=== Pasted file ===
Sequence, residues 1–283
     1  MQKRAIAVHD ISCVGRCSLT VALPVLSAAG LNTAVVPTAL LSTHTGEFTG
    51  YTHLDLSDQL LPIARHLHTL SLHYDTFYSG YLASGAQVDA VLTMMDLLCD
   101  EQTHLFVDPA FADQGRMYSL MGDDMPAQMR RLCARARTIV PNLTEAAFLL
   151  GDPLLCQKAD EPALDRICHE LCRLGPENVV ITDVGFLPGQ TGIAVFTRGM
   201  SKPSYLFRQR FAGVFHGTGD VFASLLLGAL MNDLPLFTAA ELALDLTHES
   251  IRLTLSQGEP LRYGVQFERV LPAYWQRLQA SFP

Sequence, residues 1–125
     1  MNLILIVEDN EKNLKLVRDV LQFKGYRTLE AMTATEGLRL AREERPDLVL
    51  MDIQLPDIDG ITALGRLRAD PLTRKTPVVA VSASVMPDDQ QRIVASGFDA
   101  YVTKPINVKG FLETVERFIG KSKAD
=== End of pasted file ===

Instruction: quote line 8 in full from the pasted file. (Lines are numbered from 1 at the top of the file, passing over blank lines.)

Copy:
Sequence, residues 1–125